Treatment usually involves an exclusion diet and vigilant avoidance of foods that may be contaminated with tree nuts, nut particles, or oils The most severe nut allergy reaction is anaphylaxis,8 an emergency requiring immediate attention and treatment with epinephrine

Tree nut alternativesedit

Since many people with tree nut allergies also have peanut allergies, and peanut butter is a popular derivative of peanuts and widely used product, especially in the United States, many schools offer peanut-free menu options or implement entirely nut-free policies9 For instance, sunflower seed butter can provide an alternative in schools where peanut butter and peanuts have been banned However, a small number of people with tree nut and/or peanut allergies may also be allergic to sunflower seed butter According to one study a person with a known peanut allergy suffered an acute reaction to a "nut-free" butter containing sunflower seeds10

From a nutritional perspective, sunflower butter contains almost four times as much vitamin E as peanut butter, and about twice as much iron, magnesium, phosphorus and zinc Peanut butter contains higher levels of protein and slightly less sugar and fat11

Sunflower butter, or sunflower seed butter, is a food paste made from the oil of sunflower seeds12

See alsoedit

  • Allergy
  • List of allergies
  • Anaphylaxis
  • Food allergy
  • Asthma
  • Peanut allergy


  1. ^ Many seeds are commonly referred to as "nuts" even though botanists use the term more restrictively to refer to those that come from indehiscent fruits See the article about nuts for more information


  1. ^ a b Birmingham NP, Parvataneni S, Hassan HM, et al 2007 "An adjuvant-free mouse model of tree nut allergy using hazelnut as a model tree nut" Int Arch Allergy Immunol 144 3: 203–10 PMID 17570928 doi:101159/000103993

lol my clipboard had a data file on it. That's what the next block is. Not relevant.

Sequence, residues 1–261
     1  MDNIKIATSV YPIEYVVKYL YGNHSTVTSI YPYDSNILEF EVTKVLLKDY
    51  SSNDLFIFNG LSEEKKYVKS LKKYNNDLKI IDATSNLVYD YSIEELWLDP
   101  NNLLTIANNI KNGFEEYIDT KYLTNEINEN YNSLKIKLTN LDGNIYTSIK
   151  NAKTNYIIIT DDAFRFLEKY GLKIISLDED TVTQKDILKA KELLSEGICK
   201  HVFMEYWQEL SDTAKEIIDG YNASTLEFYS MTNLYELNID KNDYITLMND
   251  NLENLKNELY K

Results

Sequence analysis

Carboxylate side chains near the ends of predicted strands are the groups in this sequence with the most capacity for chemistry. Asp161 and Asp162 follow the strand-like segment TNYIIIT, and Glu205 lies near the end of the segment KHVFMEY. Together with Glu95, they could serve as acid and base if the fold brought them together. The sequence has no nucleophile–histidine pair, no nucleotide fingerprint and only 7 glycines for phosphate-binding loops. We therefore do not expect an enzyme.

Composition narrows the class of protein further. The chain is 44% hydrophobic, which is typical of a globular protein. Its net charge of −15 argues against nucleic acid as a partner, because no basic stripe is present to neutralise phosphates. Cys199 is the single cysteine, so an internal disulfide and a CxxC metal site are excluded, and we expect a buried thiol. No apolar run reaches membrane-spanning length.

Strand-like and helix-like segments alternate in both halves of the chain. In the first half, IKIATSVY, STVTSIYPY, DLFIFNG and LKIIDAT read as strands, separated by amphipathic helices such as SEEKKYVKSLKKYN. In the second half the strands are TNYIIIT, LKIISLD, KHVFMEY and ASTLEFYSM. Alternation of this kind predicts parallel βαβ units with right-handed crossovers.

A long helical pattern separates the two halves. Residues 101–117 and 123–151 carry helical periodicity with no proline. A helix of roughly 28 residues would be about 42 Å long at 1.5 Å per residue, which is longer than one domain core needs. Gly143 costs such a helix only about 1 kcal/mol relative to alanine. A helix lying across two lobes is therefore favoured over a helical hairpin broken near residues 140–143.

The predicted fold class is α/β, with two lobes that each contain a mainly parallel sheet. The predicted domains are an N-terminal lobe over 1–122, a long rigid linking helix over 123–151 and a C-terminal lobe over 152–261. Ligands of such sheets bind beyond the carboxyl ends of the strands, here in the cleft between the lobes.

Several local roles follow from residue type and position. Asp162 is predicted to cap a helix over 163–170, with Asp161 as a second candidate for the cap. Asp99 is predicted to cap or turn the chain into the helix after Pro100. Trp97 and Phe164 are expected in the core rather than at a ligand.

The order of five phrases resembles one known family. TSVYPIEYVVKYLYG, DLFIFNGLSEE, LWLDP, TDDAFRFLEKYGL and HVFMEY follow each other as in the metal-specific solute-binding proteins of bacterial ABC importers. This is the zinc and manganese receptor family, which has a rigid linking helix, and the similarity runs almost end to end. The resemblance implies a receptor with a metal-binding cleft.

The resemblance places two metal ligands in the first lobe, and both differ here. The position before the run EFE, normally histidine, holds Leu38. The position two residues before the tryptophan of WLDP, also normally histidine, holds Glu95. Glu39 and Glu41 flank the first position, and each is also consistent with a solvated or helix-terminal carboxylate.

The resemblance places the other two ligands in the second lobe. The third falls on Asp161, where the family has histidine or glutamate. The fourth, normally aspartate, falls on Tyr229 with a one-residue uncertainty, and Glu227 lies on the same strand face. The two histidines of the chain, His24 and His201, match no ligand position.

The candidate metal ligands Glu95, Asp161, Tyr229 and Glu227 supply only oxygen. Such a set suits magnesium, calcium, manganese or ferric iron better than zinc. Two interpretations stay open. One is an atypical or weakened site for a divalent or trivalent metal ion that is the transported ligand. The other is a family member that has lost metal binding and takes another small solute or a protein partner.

2. ^ "Tree nut allergy" Food Allergy Research and Education 
  3. ^ Goetz, DW July 2005 "Cross-reactivity among edible nuts: double immunodiffusion, crossed immunoelectrophoresis, and human specific igE serologic surveys Abstract" Ann Allergy Asthma Immunol 95: 45–52 PMID 16095141 doi:101016/S1081-12061061187-8 
  4. ^ MD, edited by Scott H Sicherer 2014 Food allergy : practical diagnosis and management 1 ed Boca Raton: CRC Press p 29 ISBN 9781466512689 CS1 maint: Extra text: authors list link
  5. ^ a b National Institutes of Health, NIAID Allergy Statistics "Archived copy" Archived from the original on April 6, 2010 Retrieved December 18, 2011 
  6. ^ "Food Allergy Case Reports: 422 A Rare Case of Food-induced Anaphylaxis to Pink Peppercorns" The World Allergy Organization Journal 5 Suppl 2: S152 PMC 3512604  
  7. ^ Ehlert; et al 2008 "Detection of Cashew Nut in Foods by a Specific Real-time PCR Method" Food Analytical Methods 1: 136–143 doi:101007/s12161-008-9023-6 
  8. ^ National Report of the Expert Panel on Food Allergy Research, NIH-NIAID 2003 http://www3niaidnihgov/about/organization/dait/PDF/june30_2003pdf
  9. ^ Groce, Victoria 2008-06-09 "Why is My Child’s School Nut-Free What food can she bring" foodallergiesaboutcom Retrieved 2011-03-03 
  10. ^ Hsu, Denise 2007 "Is "nut-free" sunflower seed butter safer for children with peanut allergy" The Medical Journal of Australia 198 9: 542–543 
  11. ^ Thomas, RG "Sunflower Seed Butter and Almond Butter as Nutrient-Rich Alternatives to Peanut Butter" PDF USDA Retrieved 2012-11-12 
  12. ^ Peabody, Erin 2005-05-17 "Sunflower Seed Butter Improves As It Spreads Across America" USDA Retrieved 2012-11-12 

External linksedit

  • Tree nut allergy at Food Allergy Initiative
  • "Are Nut Bans Promoting Hysteria" by Tana Parker-Pope at The New York Times 15 Dec 2008
  • Is Peanut Allergy Related to Tree Nut Allergies at PeanutAllergycom